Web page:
My oldest son Jack moved out this week into his own apartment. We’re really going to miss him – the midnight snacks of sugared bacon and popcorn, watching movies, binge watching shows.
Sam, Lindsay and I waved goodbye as he pulled out of the driveway in his overpacked truck.
“I call dibs on his closet!” Lindsay shouted.
“Heck no,” I said. “I get the closet.”
“You already have a walk-in closet.”
“Fair enough, I’ll split it with you.”
“Deal.” We shook on it.
“I want his room,” Sam declared, almost peeing in the corners to scent mark his territory.
“No!” I shook my head. “We just redecorated your room.”
“Fine. I didn’t want it anyway.” Sam walked away.
Jack had left behind some mementoes – things that have no place in a young man’s apartment, but are too precious to throw away; plus, he left some prime real estate, a bedroom with spectacular views and an empty closet.
I needed space. My desk butted up against my bed. The first thing I see in the morning is my computer screen. The cat steps on the keypad at all hours of the night sending the screen into an audible tizzy, like a machine gun going off. Everyone is at-home learning, crowded around the desk all the time. Our lives are too co-mingled.
My papers get mixed in with biology homework.
“Has anyone seen the phone bill?”
This desk and I have been through a lot. The drawers are jammed with junk I couldn’t throw away, old greeting cards and fountain pens. I’ve tried to clean them out, but it was too emotionally daunting. No matter how hard I pulled and tugged on those antique pulls, they pulled back.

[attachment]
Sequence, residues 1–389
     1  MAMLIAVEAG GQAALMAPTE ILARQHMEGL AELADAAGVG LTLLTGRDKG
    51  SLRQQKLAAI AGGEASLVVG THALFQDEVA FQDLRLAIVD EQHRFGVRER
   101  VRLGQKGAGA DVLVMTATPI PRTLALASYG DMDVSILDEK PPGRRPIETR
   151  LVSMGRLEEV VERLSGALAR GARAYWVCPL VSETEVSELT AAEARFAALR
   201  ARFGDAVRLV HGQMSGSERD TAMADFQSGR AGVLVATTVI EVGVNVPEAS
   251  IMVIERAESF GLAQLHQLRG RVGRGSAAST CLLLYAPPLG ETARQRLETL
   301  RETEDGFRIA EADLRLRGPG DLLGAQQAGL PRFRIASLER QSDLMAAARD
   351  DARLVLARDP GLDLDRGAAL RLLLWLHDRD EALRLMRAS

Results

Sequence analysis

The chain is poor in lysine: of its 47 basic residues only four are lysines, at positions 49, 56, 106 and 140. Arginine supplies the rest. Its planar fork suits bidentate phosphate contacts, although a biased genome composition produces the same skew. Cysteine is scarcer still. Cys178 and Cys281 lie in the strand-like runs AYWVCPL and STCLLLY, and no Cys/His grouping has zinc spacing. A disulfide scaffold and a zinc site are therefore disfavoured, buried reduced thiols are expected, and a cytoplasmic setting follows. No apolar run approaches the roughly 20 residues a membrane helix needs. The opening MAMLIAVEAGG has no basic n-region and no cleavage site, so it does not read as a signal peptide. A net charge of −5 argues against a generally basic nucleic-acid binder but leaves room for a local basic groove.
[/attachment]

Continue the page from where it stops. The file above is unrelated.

I tried to move the desk into the new room, but it was too wide. No problem, I tilted it to the other side with the legs heading due south. I tilted to the other side with legs pointing due north. With that, the haunted drawers popped open spilling my memories onto the floor – photos of old boyfriends and dead pets, a Swiss army knife, sealing wax and a seal in the letter L.
Old coins began to pour out like a slot machine. I tried to push the drawers back, but they wouldn’t budge.
The legs splayed opened, “Your old baggage is not going inside this new space.”
“Come on!” I yelled.
I stood it upright, climbed up over the top and squeezed myself between the top door jam and the desk. From here I pulled and wiggled the desk legs.
For hours, I tilted, turned and flipped until it was firmly stuck in the door jam.
Sam knocked on the desk, “Mom are you in there?”
Defeated, “Yes,” I whimpered. “Hmmm,” I picked up a baby photo of Jack, which prompted me to go through my memories, sorting them into 2 piles – keep and trash. What had taken 20 years to acquire only took 20 minutes to throw away. It was freeing.
The phone rang. It was my friend – aptly nicknamed “MacGyver.”
“What are you doing?” MacGyver asked.
“I’m stuck in my new room.”
“I jammed the desk.”
“Do you need help?”
Minutes later there was a knock on the desk between us and I whined, “We have to take the door off.”
“Did you try to take the legs off?” she asked.
“They’re glued in place,” I said.
She jostled the desk. “Not this one,” she declared while holding up one leg, and then the other. One minute later the desk was inside.
Now it sits cleanly in my new space, free of my old memories, while I’m surrounded by Jack’s old memories – and that’s just the way I like it.
Live with Waffletude.